• So you are saying that if the projectile was 100 metres long say, as it went through its orbit round the earth, it would start off parallel to the earth's surface at the equator, then travelling north, it's end would point at the North Pole, then it's other side would face the equator on the other side of the earth and so on. This cannot happen because the force that is pulling it into orbit is acting on the entire length of the projectile, pulling each part into the orbital curve. Therefore, one side would face the earth for its complete orbit without the need to give it a spin. – David Taylor Jul 14 '16 at 13:09
• Suppose we have a satellite in a 90-minute equatorial orbit. Assume it's not spinning, and let's say it's pointed directly at Sirius. As it orbits around the Earth it continues to point at Sirius. Its absolute orientation is constant, but its orientation with respect to the Earth's surface changes. The force of gravity, which is what keeps it in orbit, affects its velocity, not its orientation. There is a tidal effect which probably tends to orient its long axis perpendicular to the Earth's surface, but that's minor. – Keith Thompson Jul 14 '16 at 15:46
• The ISS keeps a "horizontal" orientation, with its long axis parallel to the surface, because (a) it's spinning with the same period as its orbital period, and (b) they carefully adjust its orientation using gyroscopes, and possibly thrusters. – Keith Thompson Jul 14 '16 at 15:47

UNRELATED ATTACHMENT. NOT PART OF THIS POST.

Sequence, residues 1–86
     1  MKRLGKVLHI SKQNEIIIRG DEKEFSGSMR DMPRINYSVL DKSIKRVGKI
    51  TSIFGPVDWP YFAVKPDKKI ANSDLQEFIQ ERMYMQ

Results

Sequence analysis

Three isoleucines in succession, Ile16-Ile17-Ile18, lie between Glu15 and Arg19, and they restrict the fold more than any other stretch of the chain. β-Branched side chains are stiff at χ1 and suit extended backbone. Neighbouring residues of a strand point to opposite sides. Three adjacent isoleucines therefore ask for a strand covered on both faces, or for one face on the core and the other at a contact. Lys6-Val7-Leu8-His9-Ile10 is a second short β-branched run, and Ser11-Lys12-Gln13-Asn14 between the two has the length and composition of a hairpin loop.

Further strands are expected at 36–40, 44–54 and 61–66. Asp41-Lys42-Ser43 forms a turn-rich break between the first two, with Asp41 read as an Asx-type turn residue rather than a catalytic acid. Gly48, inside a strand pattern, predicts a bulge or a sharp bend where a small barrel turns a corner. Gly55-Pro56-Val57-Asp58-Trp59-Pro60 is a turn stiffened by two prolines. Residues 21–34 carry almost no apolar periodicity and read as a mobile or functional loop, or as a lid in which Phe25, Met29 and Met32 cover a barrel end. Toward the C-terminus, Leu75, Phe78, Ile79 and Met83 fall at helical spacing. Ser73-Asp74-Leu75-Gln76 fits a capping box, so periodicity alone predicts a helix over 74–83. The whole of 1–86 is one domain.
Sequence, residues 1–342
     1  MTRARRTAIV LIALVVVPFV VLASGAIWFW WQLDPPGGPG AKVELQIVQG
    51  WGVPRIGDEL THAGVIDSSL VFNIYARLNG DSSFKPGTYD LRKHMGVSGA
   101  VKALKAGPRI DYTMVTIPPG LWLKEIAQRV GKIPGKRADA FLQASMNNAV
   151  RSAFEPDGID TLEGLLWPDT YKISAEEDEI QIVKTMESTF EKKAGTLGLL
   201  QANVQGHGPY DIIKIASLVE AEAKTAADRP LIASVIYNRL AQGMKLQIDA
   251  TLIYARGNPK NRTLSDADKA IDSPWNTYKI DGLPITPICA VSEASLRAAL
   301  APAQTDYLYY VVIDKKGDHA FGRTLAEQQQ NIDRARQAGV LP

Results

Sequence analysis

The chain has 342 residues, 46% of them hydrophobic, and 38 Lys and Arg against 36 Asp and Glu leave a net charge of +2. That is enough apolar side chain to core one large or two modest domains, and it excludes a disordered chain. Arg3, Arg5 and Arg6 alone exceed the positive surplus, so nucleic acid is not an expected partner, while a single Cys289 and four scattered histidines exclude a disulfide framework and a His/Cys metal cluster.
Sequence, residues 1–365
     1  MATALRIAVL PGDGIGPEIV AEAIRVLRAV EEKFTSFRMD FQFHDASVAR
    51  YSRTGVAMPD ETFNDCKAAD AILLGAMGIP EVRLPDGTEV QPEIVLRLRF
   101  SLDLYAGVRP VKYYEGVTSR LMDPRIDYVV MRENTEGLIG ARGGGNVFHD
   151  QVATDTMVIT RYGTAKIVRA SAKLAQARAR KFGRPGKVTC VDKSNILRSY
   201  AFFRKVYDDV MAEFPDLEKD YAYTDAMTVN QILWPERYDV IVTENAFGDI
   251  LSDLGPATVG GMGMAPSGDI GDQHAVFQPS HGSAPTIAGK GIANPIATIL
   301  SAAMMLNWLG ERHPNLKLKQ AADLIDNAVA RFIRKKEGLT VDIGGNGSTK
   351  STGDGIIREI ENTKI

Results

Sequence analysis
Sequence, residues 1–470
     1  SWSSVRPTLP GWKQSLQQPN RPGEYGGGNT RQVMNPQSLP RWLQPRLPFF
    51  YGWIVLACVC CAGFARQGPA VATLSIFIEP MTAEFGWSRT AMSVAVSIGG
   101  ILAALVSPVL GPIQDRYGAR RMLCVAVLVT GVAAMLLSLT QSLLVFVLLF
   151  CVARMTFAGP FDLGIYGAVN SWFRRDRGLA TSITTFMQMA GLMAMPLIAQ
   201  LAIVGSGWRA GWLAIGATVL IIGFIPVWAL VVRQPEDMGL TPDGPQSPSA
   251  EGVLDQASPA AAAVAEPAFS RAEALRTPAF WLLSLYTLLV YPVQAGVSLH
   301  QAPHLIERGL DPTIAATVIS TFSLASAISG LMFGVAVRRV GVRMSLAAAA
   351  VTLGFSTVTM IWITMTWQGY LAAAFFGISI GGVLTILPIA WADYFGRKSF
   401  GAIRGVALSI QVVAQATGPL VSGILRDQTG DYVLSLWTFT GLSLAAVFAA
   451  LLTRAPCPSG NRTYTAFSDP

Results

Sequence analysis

• A projectile in an atmosphere is affected by air resistance. Angular momentum is conserved; if something isn't spinning, it won't start unless some force is applied to it. Yes, the ISS spins; if you were on board, you'd see the stars moving with a period of 90+ minutes. – Keith Thompson Jul 15 '16 at 15:28

Picture this: Take a toy airplane and tie a string to one wing. Now spin in place and let the plane fly at the end of the string. You are the Earth and the plane is a satellite. Does the plane really "rotate"? Or is it flying straight all the time but its course is being changed because of the string?

Its the exact same thing with a satellite only the string is gravity. In reality the satellite is flying straight because it was launched forward, and it is constantly falling towards the Earth, but its forward speed exactly offsets the pull of gravity.

So don't think of it so much as turning as it flying forward with continuous automatic course changes into a circular path.

• If I understand you (and others) correctly, pushing a circular LEO satellite towards the Sun, just turns the pushing point in its orbit into perigee without disturbing its orientation. If it was facing the Sun to begin with, it will keep doing so after the push too, as it makes its new eccentrical orbit. – LocalFluff May 5 '14 at 18:01
• This is not the answer to your question, LocalFluff. – David Hammen May 5 '14 at 18:11
• "So don't think of it so much as turning as it flying forward with continuous automatic course changes into a circular path." That's pretty much a simplified explanation of an orbit, however it says nothing about spacecraft attitude in that orbit. – user May 6 '14 at 14:00
• This answer is wholly and totally incorrect. Gravity pulling is, exactly, completely different from a string pulling. – Fattie May 3 '15 at 11:38
• This answer discusses how and why a satellite remains in orbit. It says nothing about its orientation, which is what the question is about. – Keith Thompson Jul 13 '16 at 21:18